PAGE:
Editorial

Mental health nursing: radical workforce review is needed

With nurse numbers failing to meet demand, a radical review of the workforce and work being done is vital, says mental health professor Neil Brimblecombe

Can the number of nurses ever keep pace with demand on mental health services?
Picture: iStock

Mental health nursing staff shortages have been recognised for a long time.

But, despite recent increases in student numbers and an increase in 3,000 nurses employed in England’s NHS since the low point of 2017, the numbers of mental health nurses only now almost reach the level of ten years ago, with vacancy levels varying from 11.4% in the north east and Yorkshire, to an eye watering 20.3% in the south east. Some new roles have been introduced, such as the nursing associate, although such roles are not yet robustly evaluated.

NHS trusts have been encouraged to offer flexibility and reduce early retirement. These interventions are probably helpful but insufficient in the context of national plans for increased nursing numbers.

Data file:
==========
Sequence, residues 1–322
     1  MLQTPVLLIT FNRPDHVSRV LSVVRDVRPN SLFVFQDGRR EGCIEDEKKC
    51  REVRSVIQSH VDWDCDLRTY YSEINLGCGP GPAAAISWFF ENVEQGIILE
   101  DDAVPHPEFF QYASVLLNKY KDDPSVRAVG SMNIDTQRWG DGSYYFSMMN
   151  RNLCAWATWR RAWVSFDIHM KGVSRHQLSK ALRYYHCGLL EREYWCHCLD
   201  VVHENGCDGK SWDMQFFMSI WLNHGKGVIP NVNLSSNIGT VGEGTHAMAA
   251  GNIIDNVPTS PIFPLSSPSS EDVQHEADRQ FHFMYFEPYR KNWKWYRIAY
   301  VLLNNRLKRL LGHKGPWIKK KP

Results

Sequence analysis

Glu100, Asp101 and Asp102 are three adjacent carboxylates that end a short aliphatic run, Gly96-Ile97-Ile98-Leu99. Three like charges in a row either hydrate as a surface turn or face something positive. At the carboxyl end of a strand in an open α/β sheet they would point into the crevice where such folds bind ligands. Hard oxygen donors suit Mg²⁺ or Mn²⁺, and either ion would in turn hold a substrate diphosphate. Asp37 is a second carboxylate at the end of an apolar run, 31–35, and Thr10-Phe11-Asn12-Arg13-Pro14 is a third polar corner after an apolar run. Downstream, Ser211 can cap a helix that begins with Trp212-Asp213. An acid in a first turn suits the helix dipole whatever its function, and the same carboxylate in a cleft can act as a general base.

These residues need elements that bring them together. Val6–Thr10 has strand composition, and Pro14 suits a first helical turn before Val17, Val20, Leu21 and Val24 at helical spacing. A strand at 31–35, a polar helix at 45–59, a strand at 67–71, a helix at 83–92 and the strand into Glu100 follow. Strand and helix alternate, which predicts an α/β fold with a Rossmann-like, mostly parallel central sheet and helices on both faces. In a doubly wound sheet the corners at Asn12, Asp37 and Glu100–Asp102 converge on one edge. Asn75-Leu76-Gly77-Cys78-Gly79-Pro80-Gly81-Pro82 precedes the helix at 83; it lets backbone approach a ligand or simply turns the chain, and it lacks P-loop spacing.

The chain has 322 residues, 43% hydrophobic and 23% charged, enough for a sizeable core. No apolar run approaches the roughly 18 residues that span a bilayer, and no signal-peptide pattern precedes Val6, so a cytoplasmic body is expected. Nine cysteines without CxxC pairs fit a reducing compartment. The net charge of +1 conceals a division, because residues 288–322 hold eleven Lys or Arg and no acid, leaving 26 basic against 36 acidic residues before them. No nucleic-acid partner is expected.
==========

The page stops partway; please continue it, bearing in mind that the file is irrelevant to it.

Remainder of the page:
Numbers of nurses being sought for ambitious workforce plans may never be met

It is a truism that for every complex human problem there is a solution that is simple, plausible and wrong, and staffing issues are certainly affected by a myriad of social, professional, financial, demographic, political and psychological factors.

If, as seems likely, the numbers of new nurses being sought for ambitious workforce plans may never be met in the context of ever-increasing demands on mental health services, then what can be done?

‘We cannot continue doing what we have always done in a world that is constantly changing and creating new demands’

First, the political and professional pressure for growth in mental health services to provide individual interventions to ever larger parts of the population should be recognised, at least partially, as being a result of societal factors. As such greater emphasis should be given to addressing attitudes and culture in society that feeds distress, combined with public health level interventions, backed up by rigorous programmes of research.

Second, a more radical review of the future of the workforce is needed. Surely it is time for all professions, including nursing, with the critical engagement of service users, to review their roles and challenge profession-centric ideas on what might constitute their unique contributions.

We cannot continue doing what we have always done in a world that is constantly changing and creating new demands.


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